How to Transition to Our New Normal State of Work

Sara Davis avatar
on May 17#best-practices
returning to workforce after covid

As we start to stabilize back to a world without a pandemic raging our day-to-day life, figuring out our "new normal" is tricky. Whether it's your personal or professional life, this past year has caused a shift in how we live and prioritize our lives. And that includes our professional lives, too.

Some businesses went remote, others had flex options, and 9 million alternate other solutions were implemented too - as we all tried to stop the spread. Thankfully, we don't have the same unknowns and fears that we had then, but we do have adjustments to make as employees, employers, and entrepreneurs. How will we transition back/forward?


According to Upwork, 41.8% of the American workforce continues to work remotely.


26.7% of employers say they plan to keep employees remote after the pandemic


54% of adults want to work remotely most of the time after the pandemic, according to a new study from IBM.

So how can employers and employees navigate the change?

As an employee

Whether you worked in office, off-site, or remote this year, chances are you've experienced changes over the past year. If you are managing a transition back into the office after working remotely, or switching to a flexible system, or continuing to work remotely - the change can be scary. So how can you help prepare yourself for the transition?

Self care. It sounds silly, but it truly works. Get your rest, take your vitamins, and exercise.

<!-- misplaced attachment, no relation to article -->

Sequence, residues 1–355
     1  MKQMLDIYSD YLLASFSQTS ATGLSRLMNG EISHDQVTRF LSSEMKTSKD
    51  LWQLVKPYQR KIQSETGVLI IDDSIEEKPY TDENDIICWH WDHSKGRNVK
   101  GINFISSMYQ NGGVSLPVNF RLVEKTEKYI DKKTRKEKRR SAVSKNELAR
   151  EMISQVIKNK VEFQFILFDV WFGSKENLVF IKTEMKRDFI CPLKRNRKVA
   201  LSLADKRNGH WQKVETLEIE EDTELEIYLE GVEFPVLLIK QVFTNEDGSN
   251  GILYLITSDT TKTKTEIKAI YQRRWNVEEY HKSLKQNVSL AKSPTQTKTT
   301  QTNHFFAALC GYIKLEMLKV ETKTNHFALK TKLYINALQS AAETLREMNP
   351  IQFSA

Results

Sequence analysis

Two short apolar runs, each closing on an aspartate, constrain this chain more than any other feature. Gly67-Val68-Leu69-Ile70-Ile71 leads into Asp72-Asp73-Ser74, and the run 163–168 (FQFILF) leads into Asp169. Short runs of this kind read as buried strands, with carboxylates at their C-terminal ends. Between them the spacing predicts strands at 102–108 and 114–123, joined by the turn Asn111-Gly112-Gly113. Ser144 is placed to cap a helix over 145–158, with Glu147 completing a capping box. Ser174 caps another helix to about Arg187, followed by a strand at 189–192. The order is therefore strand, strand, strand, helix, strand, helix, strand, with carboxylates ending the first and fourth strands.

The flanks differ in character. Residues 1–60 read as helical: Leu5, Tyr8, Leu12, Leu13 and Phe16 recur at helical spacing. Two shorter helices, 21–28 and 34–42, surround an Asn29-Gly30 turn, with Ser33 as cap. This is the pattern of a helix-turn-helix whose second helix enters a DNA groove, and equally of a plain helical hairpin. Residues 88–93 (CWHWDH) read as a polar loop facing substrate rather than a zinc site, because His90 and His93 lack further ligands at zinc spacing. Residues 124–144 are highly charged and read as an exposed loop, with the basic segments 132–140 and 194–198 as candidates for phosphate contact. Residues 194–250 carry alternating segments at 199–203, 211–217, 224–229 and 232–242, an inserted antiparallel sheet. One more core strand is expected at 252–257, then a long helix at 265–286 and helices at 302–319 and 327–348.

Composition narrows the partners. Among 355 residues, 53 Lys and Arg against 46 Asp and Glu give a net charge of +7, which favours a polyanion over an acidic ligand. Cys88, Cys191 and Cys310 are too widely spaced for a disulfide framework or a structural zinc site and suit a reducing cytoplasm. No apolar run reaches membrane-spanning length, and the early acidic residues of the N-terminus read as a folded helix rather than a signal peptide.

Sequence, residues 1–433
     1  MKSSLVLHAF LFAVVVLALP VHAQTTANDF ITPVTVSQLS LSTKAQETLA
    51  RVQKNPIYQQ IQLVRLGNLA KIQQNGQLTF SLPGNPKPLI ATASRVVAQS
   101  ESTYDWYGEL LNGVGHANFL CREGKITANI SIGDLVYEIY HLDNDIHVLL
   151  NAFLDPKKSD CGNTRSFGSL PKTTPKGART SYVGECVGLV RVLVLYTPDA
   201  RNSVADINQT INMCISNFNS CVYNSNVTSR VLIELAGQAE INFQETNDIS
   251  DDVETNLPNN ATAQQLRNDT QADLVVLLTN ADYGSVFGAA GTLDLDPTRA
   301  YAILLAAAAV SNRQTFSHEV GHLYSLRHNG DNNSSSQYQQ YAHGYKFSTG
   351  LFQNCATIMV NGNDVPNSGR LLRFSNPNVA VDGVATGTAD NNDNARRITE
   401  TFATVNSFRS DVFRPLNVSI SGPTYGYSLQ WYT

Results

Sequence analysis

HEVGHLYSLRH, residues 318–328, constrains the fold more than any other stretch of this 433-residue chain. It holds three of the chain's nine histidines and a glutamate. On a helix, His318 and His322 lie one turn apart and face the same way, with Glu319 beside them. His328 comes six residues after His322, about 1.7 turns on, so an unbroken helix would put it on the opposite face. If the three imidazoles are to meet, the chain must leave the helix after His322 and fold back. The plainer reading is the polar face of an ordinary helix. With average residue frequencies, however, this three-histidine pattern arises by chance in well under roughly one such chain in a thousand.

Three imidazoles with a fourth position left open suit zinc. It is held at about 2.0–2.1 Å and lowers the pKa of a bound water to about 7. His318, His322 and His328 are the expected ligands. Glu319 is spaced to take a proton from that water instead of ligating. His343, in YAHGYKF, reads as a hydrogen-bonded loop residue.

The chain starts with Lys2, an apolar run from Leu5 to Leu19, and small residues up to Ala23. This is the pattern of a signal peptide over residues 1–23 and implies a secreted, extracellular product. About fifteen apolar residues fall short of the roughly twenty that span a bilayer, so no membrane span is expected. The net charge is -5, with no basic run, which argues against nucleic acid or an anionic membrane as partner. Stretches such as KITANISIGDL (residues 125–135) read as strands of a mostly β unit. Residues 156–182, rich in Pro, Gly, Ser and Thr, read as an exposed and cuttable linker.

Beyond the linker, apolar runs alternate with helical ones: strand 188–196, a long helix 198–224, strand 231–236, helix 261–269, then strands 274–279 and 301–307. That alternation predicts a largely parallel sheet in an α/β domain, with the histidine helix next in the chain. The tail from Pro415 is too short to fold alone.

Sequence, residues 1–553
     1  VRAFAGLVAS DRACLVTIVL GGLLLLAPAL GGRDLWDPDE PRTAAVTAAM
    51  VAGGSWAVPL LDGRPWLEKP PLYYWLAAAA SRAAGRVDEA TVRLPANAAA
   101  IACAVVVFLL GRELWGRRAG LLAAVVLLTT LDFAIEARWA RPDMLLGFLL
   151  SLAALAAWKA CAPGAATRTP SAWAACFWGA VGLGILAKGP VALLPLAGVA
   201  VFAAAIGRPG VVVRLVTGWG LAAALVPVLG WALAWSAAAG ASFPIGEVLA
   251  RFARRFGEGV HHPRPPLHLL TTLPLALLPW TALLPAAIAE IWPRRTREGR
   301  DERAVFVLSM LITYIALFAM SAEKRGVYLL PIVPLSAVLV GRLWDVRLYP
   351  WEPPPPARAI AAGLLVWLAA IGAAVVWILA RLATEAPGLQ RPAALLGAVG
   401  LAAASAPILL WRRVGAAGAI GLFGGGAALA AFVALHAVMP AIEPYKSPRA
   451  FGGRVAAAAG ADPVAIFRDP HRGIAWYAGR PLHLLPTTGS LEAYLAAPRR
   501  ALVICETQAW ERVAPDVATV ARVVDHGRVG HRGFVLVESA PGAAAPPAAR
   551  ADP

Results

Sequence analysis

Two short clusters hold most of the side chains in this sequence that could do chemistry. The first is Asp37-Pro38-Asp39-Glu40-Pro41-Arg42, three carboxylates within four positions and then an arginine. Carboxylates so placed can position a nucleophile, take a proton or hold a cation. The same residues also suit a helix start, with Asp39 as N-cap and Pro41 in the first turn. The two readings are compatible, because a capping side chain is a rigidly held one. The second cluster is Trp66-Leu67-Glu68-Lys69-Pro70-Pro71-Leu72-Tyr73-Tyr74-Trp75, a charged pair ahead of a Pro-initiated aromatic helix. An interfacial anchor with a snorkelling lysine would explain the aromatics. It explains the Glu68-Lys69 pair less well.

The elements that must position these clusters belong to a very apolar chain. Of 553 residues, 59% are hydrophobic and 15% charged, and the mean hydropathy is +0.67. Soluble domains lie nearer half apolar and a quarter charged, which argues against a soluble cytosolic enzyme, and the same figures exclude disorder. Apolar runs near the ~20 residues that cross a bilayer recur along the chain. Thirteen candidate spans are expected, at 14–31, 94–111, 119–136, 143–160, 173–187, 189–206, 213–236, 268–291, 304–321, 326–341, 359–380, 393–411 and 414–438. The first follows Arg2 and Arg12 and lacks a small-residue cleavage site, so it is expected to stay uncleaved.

Ask questions. Make sure you are clear with your employers on what the policies are moving forward. Don't be afraid to ask questions even if they seem silly to you. There might be other team members that are wondering the same thing you are. Getting the right clarifications is important so that everyone knows what to expect.

Take advantage of colleagues. If you're going back to work in the office, it may seem strange to have colleagues to interact with in person on a day to day basis. And whilst the transition might make you uneasy, don't let it! There's always something you can learn, teach, and share with colleagues which will help you flourish in your career. Share your knowledge with colleagues and vice versa.

Brush up on your EQ. As a lot of us are returning to the office, we may not have spent as much time interacting with people in the workplace. Sure, there's Zoom calls, but that's not quite the same. Spend a little time brushing up on your emotional intelligence so that you can set yourself up to succeed in the office. Pick up a book, watch a TED talk, or just do a simple evaluation and see where you can identify ways in which you can improve. Practice makes perfect, so don't stress yourself out - just keep working on improvement.

As an employer

The most critical thing employers must do no matter how they are transitioning to their new normal is set clear expectations. If it is acceptable to work some days from home, "what is some?", "when will the policy be effective?" Think through any scenario that may happen and come up with a clear set policy. Write the policy out formally for good measure, and send it via email so your employees have it on reference. We suggest holding a formal meeting to discuss changes as well.

Another thing employers need to take note of, is that no matter what changes you are implementing - change is scary. Keep in mind that some people may not like the changes as well, and make sure you are compassionate and understanding to individuals feelings. Make sure employees know that they are valued and their feedback is taken into account. Make sure your employees know they matter.

How has your business handled the return to the new normal? We'd love to hear your stories and highlight them on our blog. Send us a tweet or drop us a line for a chance to get featured.

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